With global leaders demanding millions of electric vehicles (EVs) hit the roads over the next decade, Market Research Future predicts the electric vehicle market will soar to $957.42 billion from $208.95 billion, as noted by TheStreet.com. “Tax breaks, non-monetary benefits such as new car registration and carpool lane access, increased vehicle range, active participation of OEMs, provision of charging infrastructure in regular places, and other factors can all contribute to the expansion of EV market trends,” the report added.
Major automakers are also jumping on the EV bandwagon. General Motors just announced it will boost global spending on EVs to $35 billion through 2025. Ford increased its spending to more than $30 billion by 2030.
There’s just one problem: the world is running short on lithium, as demand skyrockets.
“There is the quadrupling of demand in just five years and probably a growth of six or seven times over 10 years. So, clearly the industry is not prepared today for that level of demand—the amount of incremental capacity that the industry needs over the next 10 years is at least 1.5 million mt (metric tons) and in terms of capital investment, will probably require $45 billion–$50 billion of investment into new projects or expansions of existing operations,” said iLi Markets partner Daniel Jimenez, as quoted by S&P Global Platts.
However, there’s hope lithium companies, like Livent Corp. may be able to help.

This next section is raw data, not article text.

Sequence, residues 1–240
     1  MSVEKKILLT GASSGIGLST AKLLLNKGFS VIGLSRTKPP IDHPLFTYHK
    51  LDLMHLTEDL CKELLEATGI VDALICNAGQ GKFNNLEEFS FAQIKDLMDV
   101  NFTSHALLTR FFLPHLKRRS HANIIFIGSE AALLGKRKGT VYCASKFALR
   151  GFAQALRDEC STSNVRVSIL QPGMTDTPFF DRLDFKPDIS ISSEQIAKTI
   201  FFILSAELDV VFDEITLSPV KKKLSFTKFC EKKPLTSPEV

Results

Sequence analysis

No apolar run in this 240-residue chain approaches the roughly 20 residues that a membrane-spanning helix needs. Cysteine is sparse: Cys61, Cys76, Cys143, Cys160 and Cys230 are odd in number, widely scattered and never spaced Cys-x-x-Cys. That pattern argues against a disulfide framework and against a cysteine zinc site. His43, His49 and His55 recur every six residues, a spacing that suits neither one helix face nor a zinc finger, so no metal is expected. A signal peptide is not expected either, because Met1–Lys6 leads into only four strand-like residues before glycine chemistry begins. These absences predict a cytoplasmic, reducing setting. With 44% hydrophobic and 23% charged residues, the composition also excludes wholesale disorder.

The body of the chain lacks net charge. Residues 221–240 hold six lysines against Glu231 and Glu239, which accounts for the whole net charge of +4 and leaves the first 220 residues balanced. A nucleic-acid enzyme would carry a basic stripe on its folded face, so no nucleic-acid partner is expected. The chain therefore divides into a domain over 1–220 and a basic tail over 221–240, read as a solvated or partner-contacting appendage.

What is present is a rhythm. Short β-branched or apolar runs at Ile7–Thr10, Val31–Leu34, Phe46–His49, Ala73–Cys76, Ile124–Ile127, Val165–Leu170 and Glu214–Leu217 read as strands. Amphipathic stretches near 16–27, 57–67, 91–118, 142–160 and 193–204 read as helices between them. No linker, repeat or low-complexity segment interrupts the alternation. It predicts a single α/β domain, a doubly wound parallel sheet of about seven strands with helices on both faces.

Livent Corp. (LTHM) is moving forward with its lithium hydroxide project in North Carolina, and its carbonate expansion in Argentina. It will also start a phase-two carbonate expansion in Argentina, with commercial production expected to begin by 2023.
Even better, says Paul Graves, Livent’s president and CEO: “The strong growth in lithium demand that we saw in the first half of 2021 shows no signs of abating. Published and contracted prices for lithium in all forms pushed even higher in the third quarter, driven by multiple factors.”
In its most recent quarter, Livent’s revenue came in at $103.6 million, up 43% year over year. Its GAAP net loss was $12.6 million, or eight cents per diluted share. Adjusted EBITDA was $14.9 million, as adjusted EPS came in at three cents per diluted share.
Livent has also raised its guidance. It now expects to see revenue of $390 million to $410 million, as compared to earlier guidance of $370 million to $390 million. It also expects to see adjusted EBITDA of $62 million to $72 million, from a prior range of $55 million to $70 million. Again, with the lithium story showing no signs of cooling, LTHM may be a solid bet.